Command those who are rich in this present world not to be arrogant nor to put their hope in wealth, which is so uncertain, but to put their hope in God, who richly provides us with everything for our enjoyment. Command them to do good, to be rich in good deeds, and to be generous and willing to share. (1 Tim. 6:17-18)

Tuesday, March 31, 2009

The Need to Give (part 1)

Enthusiastic, joy-filled giving always follows an expressed need.

We can clearly see this truth in the story of the construction of the Tabernacle in Exodus chapters 25-39.

The LORD said to Moses, "Tell the Israelites to bring me an offering. You are to receive the offering for me from each man whose heart prompts him to give. These are the offerings you are to receive from them: gold, silver and bronze; blue, purple and scarlet yarn and fine linen; goat hair; ram skins dyed red and hides of sea cows; acacia wood; olive oil for the light; spices for the anointing oil and for the fragrant incense; and onyx stones and other gems to be mounted on the ephod and breastpiece." Then have them make a sanctuary for me, and I will dwell among them. Make this tabernacle and all its furnishings exactly like the pattern I will show you. (Exodus 25:1-9)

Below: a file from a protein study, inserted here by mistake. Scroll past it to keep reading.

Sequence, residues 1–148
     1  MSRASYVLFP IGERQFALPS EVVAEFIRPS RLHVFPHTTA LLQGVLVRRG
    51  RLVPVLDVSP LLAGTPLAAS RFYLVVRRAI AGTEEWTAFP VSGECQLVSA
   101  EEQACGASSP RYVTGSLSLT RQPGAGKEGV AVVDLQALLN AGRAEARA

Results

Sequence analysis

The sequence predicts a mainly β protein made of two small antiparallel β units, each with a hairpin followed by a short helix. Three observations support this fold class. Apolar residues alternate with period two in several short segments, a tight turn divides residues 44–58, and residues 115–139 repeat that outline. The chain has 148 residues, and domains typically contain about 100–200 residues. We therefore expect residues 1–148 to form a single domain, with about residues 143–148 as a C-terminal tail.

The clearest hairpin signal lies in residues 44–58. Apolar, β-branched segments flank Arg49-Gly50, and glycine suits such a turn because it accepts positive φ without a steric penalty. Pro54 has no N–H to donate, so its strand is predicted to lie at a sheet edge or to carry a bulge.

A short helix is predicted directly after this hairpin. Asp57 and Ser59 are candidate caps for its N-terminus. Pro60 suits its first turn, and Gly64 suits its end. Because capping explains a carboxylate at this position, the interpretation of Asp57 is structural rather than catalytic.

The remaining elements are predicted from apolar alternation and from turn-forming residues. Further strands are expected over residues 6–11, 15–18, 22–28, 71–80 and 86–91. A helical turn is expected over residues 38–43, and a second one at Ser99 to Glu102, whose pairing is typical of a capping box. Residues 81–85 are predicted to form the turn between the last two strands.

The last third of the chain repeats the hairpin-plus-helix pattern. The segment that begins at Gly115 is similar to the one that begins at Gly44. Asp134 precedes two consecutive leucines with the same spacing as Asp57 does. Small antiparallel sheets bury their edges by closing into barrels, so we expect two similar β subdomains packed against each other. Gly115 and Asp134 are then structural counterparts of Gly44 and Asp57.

From this passage, we see that God clearly lays out a specific offering need - gifts to construct the Tabernacle, and then He outlines the exact gifts that are needed to complete that construction.

A few chapters later, we see the Israelites response to the need:

Then Moses gave an order and they sent this word throughout the camp: "No man or woman is to make anything else as an offering for the sanctuary." And so the people were restrained from bringing more, because what they already had was more than enough to do all the work. (Exodus 36:6-7)

Two Thoughts:
  1. Church leaders need to do a better job of communicating specific giving needs within budgetary giving and special offerings.
  2. I want to be part of a church body that actually has to restrain its membership from giving any more!
In Part 2, I will explore ways in which we can be better communicators of specific needs.

Thursday, March 26, 2009

Giving Automatically

For a number of years now, many churches have gone to some type of web-based online giving tool to enable its members to give electronically.

There are many benefits, but also some drawbacks to online giving.

  1. with a few clicks, you can automate all of your giving to your church and schedule it to occur at your choosing. This option works well if your income is fairly steady each month.
  2. you can not only automate your budget/tithe giving, but also capital campaign giving and specific ministries within the church itself.
  3. your giving happens automatically even if you forget your checkbook, tithe envelope, get sick, or go on vacation.